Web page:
Whoever came up with the phrase “never say never” was a genius. There have been so many moments in my life when I’ve had to eat my words because the thing I swore will never do again happened and made me feel like a total idiot.
This time it applied to cats. I had lost my two kitties to poison — given to them by my hope-he’s-being-attacked-by-lions-in-hell neighbor who decided to kill every feline that walked through his garden, stray or not. The fact that the truth came out after weeks of posting flyers and patrolling the area looking for them made it worse. Not knowing what happened was the worst feeling ever. When I finally found out, I was not just sad, I was exhausted and heartbroken.
It was after that ordeal that a decision was made: I needed a break from cats. No more sweet purring. No more meowing in full sentences. No more litter boxes. Of course all of that is easier said than done. Being cat-less for the first time in 20 years was no picnic. I felt like a drug addict going cold turkey. But it was “for my own good,” I kept telling myself.
And so it goes that one night after a fun dinner with friends, I was on my way home when I almost stepped on a weird lump on the sidewalk. The next day was trash pick-up day and there was garbage in, around, and above the trash cans, so I thought it was either a discarded plastic wrap or dog poop … when suddenly, the poop moved!
I leaned closer and found out it was actually a very small, smelly kitten. Out of habit, I picked her up. She was probably around three months old. She didn’t meow or try to escape. I couldn’t just leave her there, so of course I brought her home. The plan was to give her a safe place to spend the night and then the next day take her to the vet. I wasn’t violating my new life code, I was helping an animal in need.
I lost count of how many times I woke up during the night to check on her. She looked so sick. Oh, I was soooo not ready for this. I convinced myself that she was probably going to meet my other cats up in heaven soon.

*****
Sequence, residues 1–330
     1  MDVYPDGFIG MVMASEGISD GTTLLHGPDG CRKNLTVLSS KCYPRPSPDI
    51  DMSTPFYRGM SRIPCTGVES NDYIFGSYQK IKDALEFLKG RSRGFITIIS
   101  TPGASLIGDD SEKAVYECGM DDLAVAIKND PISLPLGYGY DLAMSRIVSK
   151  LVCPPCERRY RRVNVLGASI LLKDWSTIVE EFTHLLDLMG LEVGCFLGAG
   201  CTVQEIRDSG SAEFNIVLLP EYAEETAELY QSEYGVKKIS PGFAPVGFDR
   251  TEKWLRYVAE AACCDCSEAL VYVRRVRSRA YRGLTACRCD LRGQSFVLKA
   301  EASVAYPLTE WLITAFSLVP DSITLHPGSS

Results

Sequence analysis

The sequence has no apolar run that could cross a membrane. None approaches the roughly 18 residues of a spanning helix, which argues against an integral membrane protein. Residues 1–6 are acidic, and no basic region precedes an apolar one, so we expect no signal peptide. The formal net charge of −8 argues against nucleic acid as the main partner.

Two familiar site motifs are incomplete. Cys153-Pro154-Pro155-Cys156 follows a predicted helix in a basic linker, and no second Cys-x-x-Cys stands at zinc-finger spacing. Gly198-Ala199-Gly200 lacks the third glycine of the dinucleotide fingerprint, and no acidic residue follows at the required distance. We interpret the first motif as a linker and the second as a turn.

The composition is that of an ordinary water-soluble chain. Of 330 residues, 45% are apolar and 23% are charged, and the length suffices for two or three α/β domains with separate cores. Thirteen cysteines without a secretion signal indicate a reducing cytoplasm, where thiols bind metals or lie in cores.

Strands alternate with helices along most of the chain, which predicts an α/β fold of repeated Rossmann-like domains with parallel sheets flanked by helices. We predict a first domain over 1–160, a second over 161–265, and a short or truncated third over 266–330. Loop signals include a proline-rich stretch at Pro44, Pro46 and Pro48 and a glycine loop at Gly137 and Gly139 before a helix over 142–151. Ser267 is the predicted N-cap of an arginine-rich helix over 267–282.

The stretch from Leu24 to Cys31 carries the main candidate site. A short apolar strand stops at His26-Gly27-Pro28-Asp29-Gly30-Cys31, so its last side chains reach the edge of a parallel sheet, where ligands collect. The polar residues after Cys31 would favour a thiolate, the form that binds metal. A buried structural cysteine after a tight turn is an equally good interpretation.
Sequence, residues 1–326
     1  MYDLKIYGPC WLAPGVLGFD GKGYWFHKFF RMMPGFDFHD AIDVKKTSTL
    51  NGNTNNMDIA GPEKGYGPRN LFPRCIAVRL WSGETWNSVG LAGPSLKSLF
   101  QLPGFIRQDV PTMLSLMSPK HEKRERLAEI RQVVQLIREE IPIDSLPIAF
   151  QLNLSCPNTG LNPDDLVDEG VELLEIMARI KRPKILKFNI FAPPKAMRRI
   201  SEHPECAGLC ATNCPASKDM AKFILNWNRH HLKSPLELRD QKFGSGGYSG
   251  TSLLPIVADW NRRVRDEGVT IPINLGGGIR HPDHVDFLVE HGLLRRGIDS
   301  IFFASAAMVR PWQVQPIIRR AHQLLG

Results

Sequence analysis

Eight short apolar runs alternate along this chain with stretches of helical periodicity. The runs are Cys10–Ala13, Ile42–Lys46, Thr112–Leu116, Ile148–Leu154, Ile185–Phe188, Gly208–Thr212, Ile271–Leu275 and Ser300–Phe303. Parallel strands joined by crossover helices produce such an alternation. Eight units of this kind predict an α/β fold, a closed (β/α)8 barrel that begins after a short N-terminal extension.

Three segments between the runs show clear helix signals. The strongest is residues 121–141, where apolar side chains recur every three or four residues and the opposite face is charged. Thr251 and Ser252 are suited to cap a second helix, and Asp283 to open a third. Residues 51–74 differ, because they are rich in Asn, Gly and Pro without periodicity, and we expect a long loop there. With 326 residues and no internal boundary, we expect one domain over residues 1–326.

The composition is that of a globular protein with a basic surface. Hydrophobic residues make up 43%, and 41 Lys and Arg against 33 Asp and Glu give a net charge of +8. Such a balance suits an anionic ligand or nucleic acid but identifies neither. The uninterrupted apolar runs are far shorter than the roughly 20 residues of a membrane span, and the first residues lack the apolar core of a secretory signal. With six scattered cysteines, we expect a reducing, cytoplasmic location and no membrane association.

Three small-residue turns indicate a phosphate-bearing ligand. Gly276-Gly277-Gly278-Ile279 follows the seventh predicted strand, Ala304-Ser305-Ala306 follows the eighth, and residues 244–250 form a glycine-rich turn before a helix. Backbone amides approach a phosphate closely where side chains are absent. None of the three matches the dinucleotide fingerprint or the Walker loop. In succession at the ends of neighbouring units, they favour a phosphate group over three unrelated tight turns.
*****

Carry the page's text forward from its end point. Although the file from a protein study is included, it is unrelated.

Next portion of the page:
I took her to the vet the next day and explained the plan. They would check her and call me later with details, so I could make the decision. In the meantime, I walked to the office thinking of cat names.
Four hours later, I received the call. Kitty was actually six months old, but very malnourished, which is why she looked younger. She did have asthma and pneumonia. But, good news, no life threatening illnesses like feline leukemia.
“What do you want to do?” said the vet.
“Wait a minute. So she’s going to be OK?” Before he gave me the answer, I yelled, “Save her please!”
Never say never? Yeah, right.
That afternoon, I picked up Marisol (her new name) and took her home. I’m not even going to tell you how much it cost me to bring her back from trash-can death. Or how many times I had to run with her to the emergency clinic with an asthma attack. It didn’t matter. I had a new cat in the house. A quiet and sweet kitty. My heart was slowly mending.
With her health returned, her real personality made its long-awaited appearance … and it was a very mischievous personality. No amount of bottle spraying or loud noises could shut down her insane desire to destroy everything dear to me. Using double-stick tape became the only way to save my belongings. She finally learned to meow by hanging out with other cats in the building. So now she had a voice to go with her rambunctious energy, but she was also incredibly loving. She knew just the right moment to come and purr on my lap.
So whenever I feel like my patience is taking a dive out of the balcony, I remember that little, smelly lump on the sidewalk. With my heart full of cat love again, I pick up the broken dishes and smile.
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